We’d landed at Quito, Ecuador on the upper Amazon River. I was alone, to meet the rest of the tour group at a spot downstream next to a tribal village that we’d later visit, although I had personal reasons not to “gawk” at others, so didn’t plan to “do” that visit. I got into the small canoe, clutching my suitcase, which contained all my identification and money, hoping the two men with the boat wouldn’t sell me to headhunters.
Nine o’clock at night and in this area, night is really dark. As they rowed, and I prayed, the only signs of life were periodic tiny white lights signifying that a group of people lived somewhere over there on a riverbank. Was I willing to jump into the white-capped black water and swim to safety if I felt endangered? I knew the answer in my cowardly heart was “no.” So I sat as tall as I could, obviously not relaxed.
By the time we reached my destination, I was past being tired and afraid; I just wanted a clean bed. But, first, I was hungry.
In my bedraggled condition (I do that well!) I went into the tiny restaurant for a bite to eat—by now midnight. I looked like the knothole was still on me—and sitting elegantly in the tiny dining room were two French women who did not acknowledge my tentative smile.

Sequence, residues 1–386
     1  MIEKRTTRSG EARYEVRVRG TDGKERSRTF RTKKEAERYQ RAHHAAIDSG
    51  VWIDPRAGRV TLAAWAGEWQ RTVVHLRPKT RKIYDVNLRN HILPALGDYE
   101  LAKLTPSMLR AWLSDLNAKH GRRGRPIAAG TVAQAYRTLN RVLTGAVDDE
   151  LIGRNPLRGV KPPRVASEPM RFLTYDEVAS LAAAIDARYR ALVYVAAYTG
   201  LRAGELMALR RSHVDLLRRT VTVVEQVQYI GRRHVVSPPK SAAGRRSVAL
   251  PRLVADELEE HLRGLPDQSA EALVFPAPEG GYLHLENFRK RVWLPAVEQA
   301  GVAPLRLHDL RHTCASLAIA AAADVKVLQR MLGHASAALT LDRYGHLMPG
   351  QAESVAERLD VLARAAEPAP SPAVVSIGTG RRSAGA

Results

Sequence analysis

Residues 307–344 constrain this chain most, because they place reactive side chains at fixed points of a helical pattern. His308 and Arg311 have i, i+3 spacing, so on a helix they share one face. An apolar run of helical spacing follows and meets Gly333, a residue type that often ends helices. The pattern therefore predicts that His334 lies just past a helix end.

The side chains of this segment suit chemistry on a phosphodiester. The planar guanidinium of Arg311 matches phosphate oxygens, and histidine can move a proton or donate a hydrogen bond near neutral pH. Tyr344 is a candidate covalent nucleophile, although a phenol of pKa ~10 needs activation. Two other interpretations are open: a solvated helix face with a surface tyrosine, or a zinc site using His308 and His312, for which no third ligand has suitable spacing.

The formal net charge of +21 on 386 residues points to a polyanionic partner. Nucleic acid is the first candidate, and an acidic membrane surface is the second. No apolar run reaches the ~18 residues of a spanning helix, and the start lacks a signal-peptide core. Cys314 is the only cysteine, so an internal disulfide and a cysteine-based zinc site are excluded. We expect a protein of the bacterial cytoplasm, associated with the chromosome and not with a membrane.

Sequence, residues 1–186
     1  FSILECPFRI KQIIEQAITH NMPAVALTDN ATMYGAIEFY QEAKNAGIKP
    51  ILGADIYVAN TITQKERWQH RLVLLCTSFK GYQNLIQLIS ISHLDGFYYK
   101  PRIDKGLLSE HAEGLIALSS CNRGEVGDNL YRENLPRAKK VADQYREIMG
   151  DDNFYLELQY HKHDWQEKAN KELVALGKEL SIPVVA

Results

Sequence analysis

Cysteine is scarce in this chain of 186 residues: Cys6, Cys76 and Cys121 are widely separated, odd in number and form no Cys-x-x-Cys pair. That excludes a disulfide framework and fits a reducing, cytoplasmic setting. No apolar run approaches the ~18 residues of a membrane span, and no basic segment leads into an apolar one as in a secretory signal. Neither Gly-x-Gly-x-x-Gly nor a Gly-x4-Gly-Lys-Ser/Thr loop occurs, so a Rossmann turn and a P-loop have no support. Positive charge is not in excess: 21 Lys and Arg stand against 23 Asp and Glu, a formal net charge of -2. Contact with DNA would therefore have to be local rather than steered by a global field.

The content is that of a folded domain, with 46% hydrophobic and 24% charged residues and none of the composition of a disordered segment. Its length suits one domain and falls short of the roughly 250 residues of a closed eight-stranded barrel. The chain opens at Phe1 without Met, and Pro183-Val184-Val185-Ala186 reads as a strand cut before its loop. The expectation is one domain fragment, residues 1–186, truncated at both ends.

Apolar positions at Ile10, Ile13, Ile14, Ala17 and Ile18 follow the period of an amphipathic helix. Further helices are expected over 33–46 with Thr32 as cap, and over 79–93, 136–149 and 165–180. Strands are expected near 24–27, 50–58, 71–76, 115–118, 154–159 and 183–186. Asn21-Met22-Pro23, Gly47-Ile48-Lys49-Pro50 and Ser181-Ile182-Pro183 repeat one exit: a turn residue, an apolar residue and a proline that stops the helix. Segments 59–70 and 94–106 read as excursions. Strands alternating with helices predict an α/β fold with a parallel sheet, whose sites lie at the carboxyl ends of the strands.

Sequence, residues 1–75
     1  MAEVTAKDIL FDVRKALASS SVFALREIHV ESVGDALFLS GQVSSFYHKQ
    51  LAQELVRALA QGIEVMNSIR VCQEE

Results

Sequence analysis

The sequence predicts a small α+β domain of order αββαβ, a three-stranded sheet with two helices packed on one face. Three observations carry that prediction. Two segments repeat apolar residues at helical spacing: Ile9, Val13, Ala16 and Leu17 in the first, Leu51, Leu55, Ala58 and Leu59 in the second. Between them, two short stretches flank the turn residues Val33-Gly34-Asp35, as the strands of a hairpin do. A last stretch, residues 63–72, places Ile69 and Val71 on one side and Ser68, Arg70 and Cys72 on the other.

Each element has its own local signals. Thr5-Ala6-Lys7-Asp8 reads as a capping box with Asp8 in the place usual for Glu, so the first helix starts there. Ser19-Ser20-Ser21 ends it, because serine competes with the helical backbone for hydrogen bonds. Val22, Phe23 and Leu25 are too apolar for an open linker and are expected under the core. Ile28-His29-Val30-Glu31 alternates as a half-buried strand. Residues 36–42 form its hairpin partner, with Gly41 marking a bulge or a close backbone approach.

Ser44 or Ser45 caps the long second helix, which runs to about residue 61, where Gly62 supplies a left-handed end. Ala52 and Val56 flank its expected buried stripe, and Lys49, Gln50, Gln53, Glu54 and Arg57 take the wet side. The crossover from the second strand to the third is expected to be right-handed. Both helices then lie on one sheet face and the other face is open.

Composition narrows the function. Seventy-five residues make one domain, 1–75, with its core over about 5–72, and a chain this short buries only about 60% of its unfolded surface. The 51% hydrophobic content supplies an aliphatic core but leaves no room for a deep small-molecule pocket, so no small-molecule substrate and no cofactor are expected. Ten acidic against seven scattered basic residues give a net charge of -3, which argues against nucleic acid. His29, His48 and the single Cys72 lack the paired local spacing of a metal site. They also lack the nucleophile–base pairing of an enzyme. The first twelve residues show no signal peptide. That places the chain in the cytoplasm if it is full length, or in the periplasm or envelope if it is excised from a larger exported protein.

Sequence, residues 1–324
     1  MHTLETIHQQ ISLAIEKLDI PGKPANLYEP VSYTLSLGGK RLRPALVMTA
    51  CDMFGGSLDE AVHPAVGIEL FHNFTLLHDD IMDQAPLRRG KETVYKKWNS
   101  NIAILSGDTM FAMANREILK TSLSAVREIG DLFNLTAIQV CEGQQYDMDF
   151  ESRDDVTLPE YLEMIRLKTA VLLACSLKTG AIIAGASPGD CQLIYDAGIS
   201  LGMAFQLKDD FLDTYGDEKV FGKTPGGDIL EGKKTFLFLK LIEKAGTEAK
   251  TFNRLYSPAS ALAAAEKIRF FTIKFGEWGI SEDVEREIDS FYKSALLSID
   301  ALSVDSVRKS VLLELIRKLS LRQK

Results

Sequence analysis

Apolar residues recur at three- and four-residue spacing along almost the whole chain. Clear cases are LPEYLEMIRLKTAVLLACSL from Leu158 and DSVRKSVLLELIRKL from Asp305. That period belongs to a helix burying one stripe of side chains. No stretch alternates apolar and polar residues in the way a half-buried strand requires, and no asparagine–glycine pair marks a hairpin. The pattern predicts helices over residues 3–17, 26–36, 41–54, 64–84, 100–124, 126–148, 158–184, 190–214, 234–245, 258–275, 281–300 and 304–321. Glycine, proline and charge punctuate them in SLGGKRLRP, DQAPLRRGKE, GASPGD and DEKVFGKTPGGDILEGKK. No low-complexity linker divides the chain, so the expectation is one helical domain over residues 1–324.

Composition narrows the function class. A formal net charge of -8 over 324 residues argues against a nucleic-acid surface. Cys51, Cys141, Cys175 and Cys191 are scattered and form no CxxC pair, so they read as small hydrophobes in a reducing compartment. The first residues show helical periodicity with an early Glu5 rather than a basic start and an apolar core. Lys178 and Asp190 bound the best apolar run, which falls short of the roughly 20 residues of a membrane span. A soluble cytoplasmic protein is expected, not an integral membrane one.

The next morning, we all gathered to go out toward the peak experience of the trip—a flight over the Nazca Lines, Peru’s claim to fame. Ordinarily, I wouldn’t eat breakfast before any kind of travel on any kind of moving vehicle. I ignored common sense, and I was feeling great, so ate a hearty breakfast. (Keep that in mind.) When I went out to the three-passenger plane, I got to sit next to the pilot. My quick feeling of delight faded when the two modish French women boarded, well-dressed, of course, and took two seats behind me.
We were off!
The pilot was fine, but he became so
enthusiastic that he wanted us to see all the rock-outlined animals of Nazca. He swooped this way, then that way, pointing out the rock-drawn figures of monkeys, deer, and other animals native to the area. Each time required a “swoop.” Despite my best efforts, I lost my breakfast. The pilot was quick to
have a bag ready, but all I could think about were the classy French women who now made no secret of their displeasure at my personal disgrace.
When I staggered out of the plane, one of the fellows in the group tried to make me feel better. He claimed that his pilot had been rough, too. I threw my pilot under the wheels in a way by nodding as though he deserved the blame. But it was done, and breakfast was over.
We went on to enjoy our next experience in this pretty South American country. Just don’t eat breakfast before flying over the famous Lines. It had been my pleasure the night before the flight to have met the woman who wrote a definitive book about the Nazca Lines, a copy of which she graciously signed for me. It is one of my treasures.